Water level in the Hong River, which flows through the provinces of Lao Cai, Yen Bai, Phu Tho, Vinh Phuc and the capital city of Hanoi has dropped to its lowest level in a hundred years, as recorded on Jan. 25 ( third day of new lunar year ) by the National Centre for Hydro Meteorological Forecasting.
The prolonged dry season is said to be the reason for the drop in water levels so drastically that the bottom of the river bed can be seen, exposing even the foundation of the Long Bien Bridge in Hanoi.
Another reason could be the hydro dams like Hoa Binh, Son La, Tuyen Quang Thac Ba in upstream areas of the river which are accumulating water for storage, in case of drought.
Water levels in the Hong River, which runs through the northern province of Lao Cai and past Hanoi city, generally drop during February or March each year, but this year they have receded sooner and more drastically.
The drop in water level has led to traffic jams in the river, with boats forced to suspend operations, as many sections of the river are now too shallow to travel through. For instance, in the Vinh Thinh ferry port in the northern province of Vinh Phuc, water levels are about 600 metres from the shore and the managing board had to move the sand from the river bed so that vehicular traffic could drive along the riverbank.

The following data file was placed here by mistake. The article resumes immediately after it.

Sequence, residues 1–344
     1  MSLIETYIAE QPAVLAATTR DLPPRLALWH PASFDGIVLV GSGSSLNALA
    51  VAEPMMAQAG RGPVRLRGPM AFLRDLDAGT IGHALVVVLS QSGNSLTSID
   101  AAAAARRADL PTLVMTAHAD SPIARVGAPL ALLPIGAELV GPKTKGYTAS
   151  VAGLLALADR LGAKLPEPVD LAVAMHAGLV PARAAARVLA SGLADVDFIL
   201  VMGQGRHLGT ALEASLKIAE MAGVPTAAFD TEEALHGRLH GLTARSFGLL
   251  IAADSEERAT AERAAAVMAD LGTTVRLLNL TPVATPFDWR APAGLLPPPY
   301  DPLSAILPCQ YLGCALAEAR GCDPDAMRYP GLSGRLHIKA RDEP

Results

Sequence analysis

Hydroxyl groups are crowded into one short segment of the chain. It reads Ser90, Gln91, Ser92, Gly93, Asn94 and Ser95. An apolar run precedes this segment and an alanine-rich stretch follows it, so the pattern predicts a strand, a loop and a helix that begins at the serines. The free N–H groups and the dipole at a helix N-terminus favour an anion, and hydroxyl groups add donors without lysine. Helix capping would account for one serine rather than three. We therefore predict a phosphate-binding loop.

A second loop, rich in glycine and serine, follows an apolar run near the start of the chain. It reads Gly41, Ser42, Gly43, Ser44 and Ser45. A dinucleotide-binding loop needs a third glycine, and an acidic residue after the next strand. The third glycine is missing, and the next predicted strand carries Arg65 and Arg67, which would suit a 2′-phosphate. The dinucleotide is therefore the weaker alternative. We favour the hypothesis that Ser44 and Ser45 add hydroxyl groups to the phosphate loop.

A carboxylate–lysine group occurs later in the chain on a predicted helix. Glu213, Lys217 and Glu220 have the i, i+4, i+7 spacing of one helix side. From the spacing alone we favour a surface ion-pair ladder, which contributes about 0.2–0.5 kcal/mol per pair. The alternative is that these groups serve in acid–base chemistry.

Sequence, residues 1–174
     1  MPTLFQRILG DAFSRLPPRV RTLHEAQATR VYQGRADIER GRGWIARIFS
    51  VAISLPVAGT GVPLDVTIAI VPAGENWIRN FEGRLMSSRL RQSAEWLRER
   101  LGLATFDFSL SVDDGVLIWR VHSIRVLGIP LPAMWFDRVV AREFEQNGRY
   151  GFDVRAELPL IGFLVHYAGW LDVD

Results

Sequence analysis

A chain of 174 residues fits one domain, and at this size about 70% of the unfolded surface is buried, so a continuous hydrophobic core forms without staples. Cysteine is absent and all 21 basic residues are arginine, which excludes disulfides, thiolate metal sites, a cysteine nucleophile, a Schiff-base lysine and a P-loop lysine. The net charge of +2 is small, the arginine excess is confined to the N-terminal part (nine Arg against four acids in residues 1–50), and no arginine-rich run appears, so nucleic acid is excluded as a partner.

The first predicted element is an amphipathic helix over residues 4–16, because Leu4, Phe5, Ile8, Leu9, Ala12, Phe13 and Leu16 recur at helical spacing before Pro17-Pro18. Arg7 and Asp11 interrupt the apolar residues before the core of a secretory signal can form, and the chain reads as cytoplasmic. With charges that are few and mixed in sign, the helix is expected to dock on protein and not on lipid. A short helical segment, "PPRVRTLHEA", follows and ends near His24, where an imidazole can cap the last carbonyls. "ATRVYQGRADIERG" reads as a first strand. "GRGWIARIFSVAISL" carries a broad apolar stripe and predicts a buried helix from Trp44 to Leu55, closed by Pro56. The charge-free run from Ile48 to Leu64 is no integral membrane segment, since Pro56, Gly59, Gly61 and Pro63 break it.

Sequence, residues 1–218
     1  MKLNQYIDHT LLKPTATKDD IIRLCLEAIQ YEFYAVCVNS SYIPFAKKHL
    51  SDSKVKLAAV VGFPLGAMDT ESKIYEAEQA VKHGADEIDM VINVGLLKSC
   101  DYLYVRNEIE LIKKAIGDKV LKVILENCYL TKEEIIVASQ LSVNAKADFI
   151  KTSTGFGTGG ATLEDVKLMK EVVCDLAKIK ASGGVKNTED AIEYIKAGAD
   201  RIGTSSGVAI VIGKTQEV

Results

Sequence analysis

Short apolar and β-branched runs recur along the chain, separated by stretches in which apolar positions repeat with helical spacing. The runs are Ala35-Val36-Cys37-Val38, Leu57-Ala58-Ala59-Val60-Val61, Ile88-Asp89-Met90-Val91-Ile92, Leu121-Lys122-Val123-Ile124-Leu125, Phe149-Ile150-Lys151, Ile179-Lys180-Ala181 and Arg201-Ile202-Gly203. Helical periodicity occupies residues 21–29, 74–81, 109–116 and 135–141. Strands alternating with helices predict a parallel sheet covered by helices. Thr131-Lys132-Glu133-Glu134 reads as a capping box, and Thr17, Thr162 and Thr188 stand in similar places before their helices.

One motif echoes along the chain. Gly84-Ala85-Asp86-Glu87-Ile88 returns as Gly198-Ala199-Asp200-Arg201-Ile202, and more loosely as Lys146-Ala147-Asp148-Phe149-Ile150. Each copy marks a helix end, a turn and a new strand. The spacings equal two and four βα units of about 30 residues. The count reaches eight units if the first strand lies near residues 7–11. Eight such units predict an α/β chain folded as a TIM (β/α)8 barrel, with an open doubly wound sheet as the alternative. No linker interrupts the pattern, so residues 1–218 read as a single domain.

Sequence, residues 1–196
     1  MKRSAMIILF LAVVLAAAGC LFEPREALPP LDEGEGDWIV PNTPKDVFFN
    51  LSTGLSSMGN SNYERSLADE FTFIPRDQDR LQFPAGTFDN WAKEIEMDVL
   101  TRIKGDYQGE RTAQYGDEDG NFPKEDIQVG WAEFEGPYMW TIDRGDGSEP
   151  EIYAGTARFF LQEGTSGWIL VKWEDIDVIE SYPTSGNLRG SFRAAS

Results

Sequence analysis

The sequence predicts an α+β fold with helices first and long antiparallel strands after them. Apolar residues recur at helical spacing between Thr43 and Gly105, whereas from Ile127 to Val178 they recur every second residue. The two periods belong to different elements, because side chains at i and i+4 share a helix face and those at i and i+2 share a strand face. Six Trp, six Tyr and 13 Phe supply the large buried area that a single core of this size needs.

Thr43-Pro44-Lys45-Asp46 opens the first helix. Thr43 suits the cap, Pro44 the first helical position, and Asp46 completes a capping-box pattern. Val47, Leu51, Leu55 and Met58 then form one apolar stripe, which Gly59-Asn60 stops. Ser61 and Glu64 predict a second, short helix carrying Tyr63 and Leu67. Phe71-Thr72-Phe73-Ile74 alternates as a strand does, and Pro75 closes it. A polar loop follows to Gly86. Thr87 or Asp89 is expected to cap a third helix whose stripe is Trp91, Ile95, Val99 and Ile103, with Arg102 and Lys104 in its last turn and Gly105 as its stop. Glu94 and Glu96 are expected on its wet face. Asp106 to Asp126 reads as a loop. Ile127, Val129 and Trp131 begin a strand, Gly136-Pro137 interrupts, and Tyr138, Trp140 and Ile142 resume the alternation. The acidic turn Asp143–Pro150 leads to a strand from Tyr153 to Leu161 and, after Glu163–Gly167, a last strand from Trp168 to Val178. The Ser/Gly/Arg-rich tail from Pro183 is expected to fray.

The ticket fees of water transport along and across the Hong River are now one and a half times more than normal. Numerous ships, boats are rendered redundant now. This has led to a decrease in sand exploiting, pushing sand prices to exorbitant rates.
Officials say that the tide has ebbed because hydroelectric reservoirs in Tuyen Quang, Thac Ba and Hoa Binh are conserving water for the upcoming dry season and for use in agriculture in February. It is anticipated that from Feb. 1 until Feb. 9 the abovementioned hydroelectric reservoirs will release their reserve water.